The museum’s main mission is the (re)writing the history of national artistic production. At stake, the necessity to rethink the Soviet past and find new theoretical backgrounds for interpreting it, as well as the need to fill the gaps of national art history. How this discourse is articulated in the collection curatorial project is highlighted in two recent exhibitions: Monuments that are not (2011), a walk throughout Vilnius, as the subtitle suggests, addressing those monuments that disappeared from the city map around big historical turns; and Museum (2012), where conceptual artist Dainius Liskevicius’ undermined the institutional narrative through doubling the Gallery collection.
The National Gallery is also open to projects with a younger generation of artists. Ornaments (2012) was an invitation to five emerging artists from Lithuania to do a project with an artist of an older generation that was influential for them. During our private and exclusive visit to some of the gallery’s exhibition spaces, Dovile Tumpyte, who is one of the curators at the institution, lightened up our day by giving us a copy of a book by Lithuania’s most important art historian, Jurgis Baltrusaitis. The translation from French to English and to Lithuanian of the text and the publishing of the book was Gintaras Didziapetris project for Ornaments. The title is Geometry and Monsters and the book is dedicated to the study of monsters in medieval Romanesque churches… The challenge today is probably how to keep the monsters out of the contemporary cathedrals.
Read here an in-depth article by Dovile Tumpytė and Neringa Cerniauskaite about contemporary visual art practices in Lithuania.
After our visit to the NAC, we walked to The Gardens, a curator-run-space started on January 21, 2012 by Inesa Pavlovskaitė and Gerda Paliušytė. The art centre co-habits with Vilnius Planetarium, built in 1989 as a Soviet architecture at the end of Soviet times. Situated at the end of a narrow corridor, a 11 m2 room hosts around one exhibition per month, involving both international artists and local ones, especially students and teachers from the Vilnius Academy of Arts, close to the buildings where the two young art historians completed their education.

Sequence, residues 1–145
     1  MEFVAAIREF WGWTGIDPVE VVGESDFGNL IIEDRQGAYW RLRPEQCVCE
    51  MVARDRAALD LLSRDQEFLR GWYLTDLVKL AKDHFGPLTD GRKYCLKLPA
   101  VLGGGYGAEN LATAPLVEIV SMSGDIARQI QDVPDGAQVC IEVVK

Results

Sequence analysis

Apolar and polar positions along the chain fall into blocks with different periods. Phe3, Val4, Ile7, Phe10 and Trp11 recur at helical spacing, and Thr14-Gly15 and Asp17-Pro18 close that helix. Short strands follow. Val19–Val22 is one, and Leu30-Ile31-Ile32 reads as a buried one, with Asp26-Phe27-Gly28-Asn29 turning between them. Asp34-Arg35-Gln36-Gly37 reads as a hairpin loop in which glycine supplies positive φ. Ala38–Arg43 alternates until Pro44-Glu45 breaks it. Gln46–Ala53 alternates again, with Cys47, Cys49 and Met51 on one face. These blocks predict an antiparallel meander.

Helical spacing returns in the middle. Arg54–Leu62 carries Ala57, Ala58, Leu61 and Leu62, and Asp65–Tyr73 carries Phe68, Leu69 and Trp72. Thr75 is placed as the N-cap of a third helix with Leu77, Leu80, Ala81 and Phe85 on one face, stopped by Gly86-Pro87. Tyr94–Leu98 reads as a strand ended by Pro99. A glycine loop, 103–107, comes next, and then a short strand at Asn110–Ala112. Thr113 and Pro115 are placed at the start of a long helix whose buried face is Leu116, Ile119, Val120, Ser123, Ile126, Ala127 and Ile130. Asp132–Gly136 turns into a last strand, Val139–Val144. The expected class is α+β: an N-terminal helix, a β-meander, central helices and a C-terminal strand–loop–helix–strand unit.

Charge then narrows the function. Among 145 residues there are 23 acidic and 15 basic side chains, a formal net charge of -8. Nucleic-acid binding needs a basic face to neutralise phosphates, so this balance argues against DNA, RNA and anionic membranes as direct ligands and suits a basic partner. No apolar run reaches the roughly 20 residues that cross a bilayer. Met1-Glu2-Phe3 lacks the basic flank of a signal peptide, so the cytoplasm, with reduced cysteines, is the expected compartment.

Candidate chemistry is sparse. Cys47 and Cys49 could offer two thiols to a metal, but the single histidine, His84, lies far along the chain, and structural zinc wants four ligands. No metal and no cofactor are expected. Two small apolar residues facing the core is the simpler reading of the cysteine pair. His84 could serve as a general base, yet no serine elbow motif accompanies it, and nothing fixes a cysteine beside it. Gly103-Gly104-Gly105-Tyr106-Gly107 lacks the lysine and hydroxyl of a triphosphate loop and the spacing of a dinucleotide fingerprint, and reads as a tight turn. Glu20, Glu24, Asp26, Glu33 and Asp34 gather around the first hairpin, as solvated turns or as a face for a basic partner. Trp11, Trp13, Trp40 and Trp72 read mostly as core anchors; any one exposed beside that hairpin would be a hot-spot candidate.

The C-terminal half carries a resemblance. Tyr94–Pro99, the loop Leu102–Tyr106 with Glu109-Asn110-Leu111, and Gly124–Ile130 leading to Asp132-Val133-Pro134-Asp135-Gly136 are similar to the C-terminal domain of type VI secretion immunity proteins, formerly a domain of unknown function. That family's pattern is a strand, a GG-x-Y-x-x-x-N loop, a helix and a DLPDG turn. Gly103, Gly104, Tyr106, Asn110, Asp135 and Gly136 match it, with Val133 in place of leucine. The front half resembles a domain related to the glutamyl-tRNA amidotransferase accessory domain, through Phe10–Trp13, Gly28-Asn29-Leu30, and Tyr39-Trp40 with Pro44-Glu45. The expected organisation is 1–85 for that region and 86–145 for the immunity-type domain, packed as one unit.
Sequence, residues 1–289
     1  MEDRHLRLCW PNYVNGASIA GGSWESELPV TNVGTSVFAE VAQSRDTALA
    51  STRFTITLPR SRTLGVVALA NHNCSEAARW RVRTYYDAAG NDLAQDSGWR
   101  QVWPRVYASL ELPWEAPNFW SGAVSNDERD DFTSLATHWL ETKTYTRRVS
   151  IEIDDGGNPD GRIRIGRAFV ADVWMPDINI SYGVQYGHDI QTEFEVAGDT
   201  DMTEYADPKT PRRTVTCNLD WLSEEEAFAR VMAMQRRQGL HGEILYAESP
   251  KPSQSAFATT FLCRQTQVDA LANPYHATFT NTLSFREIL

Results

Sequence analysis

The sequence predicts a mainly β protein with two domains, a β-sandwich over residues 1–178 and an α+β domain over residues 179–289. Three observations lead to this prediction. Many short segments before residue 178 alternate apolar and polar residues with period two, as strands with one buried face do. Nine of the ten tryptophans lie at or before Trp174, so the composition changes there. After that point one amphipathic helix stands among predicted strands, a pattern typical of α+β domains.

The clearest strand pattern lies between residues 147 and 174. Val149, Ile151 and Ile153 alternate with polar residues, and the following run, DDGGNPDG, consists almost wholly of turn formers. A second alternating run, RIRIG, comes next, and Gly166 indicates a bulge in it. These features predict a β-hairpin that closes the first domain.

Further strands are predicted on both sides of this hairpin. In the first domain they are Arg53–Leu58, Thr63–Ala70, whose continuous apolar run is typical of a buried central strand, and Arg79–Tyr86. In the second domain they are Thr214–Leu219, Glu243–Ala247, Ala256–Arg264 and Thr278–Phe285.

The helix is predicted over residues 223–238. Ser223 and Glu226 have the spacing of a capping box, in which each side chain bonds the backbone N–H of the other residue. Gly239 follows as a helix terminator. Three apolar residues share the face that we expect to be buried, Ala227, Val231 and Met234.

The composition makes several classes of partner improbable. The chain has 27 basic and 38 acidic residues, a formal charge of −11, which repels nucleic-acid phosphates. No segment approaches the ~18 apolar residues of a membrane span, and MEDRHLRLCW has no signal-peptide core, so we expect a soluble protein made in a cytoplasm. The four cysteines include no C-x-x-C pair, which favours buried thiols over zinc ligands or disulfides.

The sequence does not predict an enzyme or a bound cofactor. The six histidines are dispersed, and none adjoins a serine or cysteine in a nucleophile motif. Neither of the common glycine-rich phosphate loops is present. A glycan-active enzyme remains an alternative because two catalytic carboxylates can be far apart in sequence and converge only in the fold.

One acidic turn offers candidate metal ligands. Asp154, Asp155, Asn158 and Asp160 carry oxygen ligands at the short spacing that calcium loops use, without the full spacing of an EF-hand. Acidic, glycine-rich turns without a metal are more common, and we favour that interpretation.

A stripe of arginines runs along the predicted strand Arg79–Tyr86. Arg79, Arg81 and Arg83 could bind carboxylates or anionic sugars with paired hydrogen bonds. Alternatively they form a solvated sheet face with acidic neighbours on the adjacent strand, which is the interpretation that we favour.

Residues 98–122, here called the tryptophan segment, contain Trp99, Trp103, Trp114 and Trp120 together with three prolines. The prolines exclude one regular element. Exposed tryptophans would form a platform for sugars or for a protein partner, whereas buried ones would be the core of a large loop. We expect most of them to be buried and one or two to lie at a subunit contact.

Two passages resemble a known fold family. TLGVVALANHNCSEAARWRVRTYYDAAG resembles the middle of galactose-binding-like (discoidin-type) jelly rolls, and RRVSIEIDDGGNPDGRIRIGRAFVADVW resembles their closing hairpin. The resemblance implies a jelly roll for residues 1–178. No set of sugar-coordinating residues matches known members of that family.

The educational focus comes back at Rupert, a brand new residency space, workshop and art space some 15 minutes away from Vilnius city centre. Countryside setting, elegant wooden architecture, Rupert’s main mission is to fill in the gaps of the official artistic education and offers residencies to emerging local and international artists. On the main floor, the project Jerusalem of Europe by Dora Garcia inaugurates the exhibition programme, curated by Juan de Nives, director of Rupert. Individual studio spaces take most of the building, though in the basement we saw some architects work in a huge open space. More people will join on the way, according to the plan awarded by the Art Incubator grant, aiming at mixing up creative industries and art researchers.
The following day was free, but a special visit was organized to Malonioji, in the Žvėrynas district in Vilnius. Situated in a old wooden house, the space is well known by the local art scene, that supported it by word of mouth since its opening in 2012. Artist Žilvinas Landzbergas and former CAC curator Ula Tornan, the founders, talked about their space as a salon – not in the bourgeois sense of the term, but more in terms of its scale and scope. The will to keep this space flexible and open brought Malonioji to develop, besides exhibitions, also a programme of public talks and, occasionally, of residencies.
Introduction by Inesa Pavlovskaite and Gerda Paliusyte to The Gardens